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Corona and EU Economic Law: journal article

Competition and Free Movement in Times of Crisis

Friso Bostoen, Nina Colpaert, Wouter Devroe, Joris Gruyters, Lennard Michaux, Liesbet Van Acker

European Competition and Regulatory Law Review, Volume 4 (2020), Issue 2, Page 72 - 95

The outbreak of the coronavirus—and the responses of governments and businesses to combat the medical and economic crisis it entails—raise a number of urgent questions, many of which concern European economic law, ie the competition rules and free movement provisions. Can businesses cooperate to guarantee the supply of essential items or a vaccine notwithstanding the cartel prohibition of Article 101 TFEU? Is the excessive price doctrine of Article 102 TFEU a match for the price increases caused by hoarding behaviour? Can competition authorities continue to assess mergers, and might they even become more sympathetic to certain arguments such as the failing firm defence and industrial policy considerations? Under which conditions are Member States allowed to grant aid to undertakings that face economic difficulties due to the crisis? Can Member States prohibit the export of medical supplies to other Member States, and can they close their borders for European citizens? And how much freedom do public procurement rules leave governments to quickly conclude contracts for essential supplies? This article addresses these pressing questions in a comprehensive manner. It situates the numerous guidance documents adopted by the European Commission within the broader framework of EU economic law and then evaluates the compatibility of the public and private corona-related measures with that framework. The aim is to offer a legal guide for governments and businesses combatting the corona crisis. Keywords: corona; EU economic law; competition law; internal market law; public procurement



Blog Highlight journal article

Friso Bostoen

European Competition and Regulatory Law Review, Volume 2 (2018), Issue 4, Page 316 - 319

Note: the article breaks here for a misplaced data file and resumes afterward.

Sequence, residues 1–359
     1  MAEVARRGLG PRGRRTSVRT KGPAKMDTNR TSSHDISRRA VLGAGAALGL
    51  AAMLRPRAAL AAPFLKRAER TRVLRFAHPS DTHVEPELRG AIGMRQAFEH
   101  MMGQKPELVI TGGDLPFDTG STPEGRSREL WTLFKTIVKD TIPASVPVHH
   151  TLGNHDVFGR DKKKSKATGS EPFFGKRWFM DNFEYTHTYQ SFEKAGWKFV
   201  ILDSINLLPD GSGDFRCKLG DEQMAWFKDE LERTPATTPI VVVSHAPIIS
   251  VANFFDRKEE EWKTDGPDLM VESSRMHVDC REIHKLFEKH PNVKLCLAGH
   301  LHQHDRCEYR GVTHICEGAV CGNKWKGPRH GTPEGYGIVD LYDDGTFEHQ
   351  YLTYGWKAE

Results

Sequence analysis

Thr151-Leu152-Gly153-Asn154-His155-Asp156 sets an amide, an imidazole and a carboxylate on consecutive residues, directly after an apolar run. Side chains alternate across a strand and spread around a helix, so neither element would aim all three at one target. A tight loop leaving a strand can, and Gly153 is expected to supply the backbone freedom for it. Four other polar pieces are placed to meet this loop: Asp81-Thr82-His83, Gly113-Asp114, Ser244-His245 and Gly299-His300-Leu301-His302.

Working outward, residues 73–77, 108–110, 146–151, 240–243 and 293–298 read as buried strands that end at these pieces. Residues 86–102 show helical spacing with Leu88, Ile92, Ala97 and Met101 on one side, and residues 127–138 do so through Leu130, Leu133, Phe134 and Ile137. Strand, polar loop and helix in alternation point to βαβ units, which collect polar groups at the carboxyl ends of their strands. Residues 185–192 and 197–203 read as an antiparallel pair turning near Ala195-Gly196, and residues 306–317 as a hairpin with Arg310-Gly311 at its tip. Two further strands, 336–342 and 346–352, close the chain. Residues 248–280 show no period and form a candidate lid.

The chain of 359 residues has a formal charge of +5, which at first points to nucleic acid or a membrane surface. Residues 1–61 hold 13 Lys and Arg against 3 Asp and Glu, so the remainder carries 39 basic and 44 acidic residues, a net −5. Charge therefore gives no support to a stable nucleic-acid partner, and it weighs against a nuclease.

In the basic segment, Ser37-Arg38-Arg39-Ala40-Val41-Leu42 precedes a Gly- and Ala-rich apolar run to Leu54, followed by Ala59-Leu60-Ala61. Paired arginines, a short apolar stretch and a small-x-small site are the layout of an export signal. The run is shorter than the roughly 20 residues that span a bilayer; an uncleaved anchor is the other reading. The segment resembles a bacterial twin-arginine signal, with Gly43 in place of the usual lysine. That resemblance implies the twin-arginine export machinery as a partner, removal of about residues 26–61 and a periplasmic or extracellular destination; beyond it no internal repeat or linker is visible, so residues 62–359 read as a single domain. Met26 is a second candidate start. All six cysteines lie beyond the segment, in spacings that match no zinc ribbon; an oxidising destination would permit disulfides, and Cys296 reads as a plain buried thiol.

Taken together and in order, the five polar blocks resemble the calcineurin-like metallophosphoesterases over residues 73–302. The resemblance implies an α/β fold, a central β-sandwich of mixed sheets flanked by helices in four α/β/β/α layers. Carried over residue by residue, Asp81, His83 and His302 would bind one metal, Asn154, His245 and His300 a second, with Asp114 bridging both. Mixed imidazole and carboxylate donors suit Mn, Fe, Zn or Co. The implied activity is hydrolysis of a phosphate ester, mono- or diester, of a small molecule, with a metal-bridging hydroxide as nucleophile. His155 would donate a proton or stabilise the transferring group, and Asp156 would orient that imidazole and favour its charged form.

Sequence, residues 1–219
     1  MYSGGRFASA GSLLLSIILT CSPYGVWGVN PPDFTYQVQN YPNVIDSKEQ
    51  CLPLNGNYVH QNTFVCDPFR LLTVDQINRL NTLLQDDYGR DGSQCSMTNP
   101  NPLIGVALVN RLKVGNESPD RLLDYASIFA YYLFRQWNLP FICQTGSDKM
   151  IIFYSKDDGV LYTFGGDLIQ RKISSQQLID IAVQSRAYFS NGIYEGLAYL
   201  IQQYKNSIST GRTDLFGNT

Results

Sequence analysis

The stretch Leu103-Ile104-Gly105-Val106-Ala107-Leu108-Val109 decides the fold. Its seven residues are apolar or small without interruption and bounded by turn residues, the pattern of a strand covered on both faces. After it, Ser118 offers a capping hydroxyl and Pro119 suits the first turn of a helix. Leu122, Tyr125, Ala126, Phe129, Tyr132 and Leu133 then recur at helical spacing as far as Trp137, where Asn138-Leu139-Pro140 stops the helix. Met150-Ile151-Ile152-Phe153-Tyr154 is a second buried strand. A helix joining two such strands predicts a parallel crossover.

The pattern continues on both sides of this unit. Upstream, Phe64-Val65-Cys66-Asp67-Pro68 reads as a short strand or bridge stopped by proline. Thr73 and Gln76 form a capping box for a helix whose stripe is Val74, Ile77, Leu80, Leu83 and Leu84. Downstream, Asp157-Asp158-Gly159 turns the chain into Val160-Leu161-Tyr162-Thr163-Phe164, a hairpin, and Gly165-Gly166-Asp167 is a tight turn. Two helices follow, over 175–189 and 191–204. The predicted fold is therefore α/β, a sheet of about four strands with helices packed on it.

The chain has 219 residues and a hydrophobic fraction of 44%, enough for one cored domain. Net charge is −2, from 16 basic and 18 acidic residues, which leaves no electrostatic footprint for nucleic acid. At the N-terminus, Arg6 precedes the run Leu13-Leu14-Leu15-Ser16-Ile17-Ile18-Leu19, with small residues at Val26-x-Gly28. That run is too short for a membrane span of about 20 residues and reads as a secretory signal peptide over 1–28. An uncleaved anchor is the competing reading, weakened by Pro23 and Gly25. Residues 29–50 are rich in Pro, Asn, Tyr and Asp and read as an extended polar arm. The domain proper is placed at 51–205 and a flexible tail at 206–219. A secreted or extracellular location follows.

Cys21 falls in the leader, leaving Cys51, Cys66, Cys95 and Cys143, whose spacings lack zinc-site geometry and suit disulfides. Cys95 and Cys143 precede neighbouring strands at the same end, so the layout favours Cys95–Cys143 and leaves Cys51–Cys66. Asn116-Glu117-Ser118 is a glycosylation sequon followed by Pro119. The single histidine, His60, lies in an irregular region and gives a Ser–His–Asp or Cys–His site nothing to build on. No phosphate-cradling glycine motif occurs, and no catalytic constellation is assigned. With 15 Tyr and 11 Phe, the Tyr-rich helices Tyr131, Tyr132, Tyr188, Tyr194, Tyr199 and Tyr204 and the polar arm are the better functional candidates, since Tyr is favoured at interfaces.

In a press conference on 19 September 2018, EU Commissioner for Competition Margrethe Vestager announced a preliminary investigation into Amazon. At the heart of the potentially abusive conduct is Amazon’s ‘dual role’. One the one hand, Amazon offers a marketplace for third-party sellers to offer their products to consumers. On the other hand, Amazon offers its own products through its marketplace. The Commission’s allegation appears to be that Amazon uses the data it gathers on third-party transactions to boost the sales of its own products. In this short note, I examine where the investigation is coming from, where it may be headed, and which related developments can influence it.


Most Favoured Nation Clauses: journal article open-access

Towards an Assessment Framework under EU Competition Law

Friso Bostoen

European Competition and Regulatory Law Review, Volume 1 (2017), Issue 3, Page 223 - 236

It is often argued that most favoured nation clauses (MFNs) should be assessed on a case-by-case basis given the perceived lack of a coherent theory guiding their assessment. This article asks whether this is the case: do we lack an assessment framework of MFNs under EU competition law? In answering this question, regard is had to both older case law and the most recent developments. Taken together, most of the issues in assessing MFNs do appear to be generally agreed upon. Moreover, legal scholarship complements the theory where the courts and authorities did leave a question open. Thus, it is offered that we are indeed well on our way to a clear assessment framework of MFNs under EU competition law.

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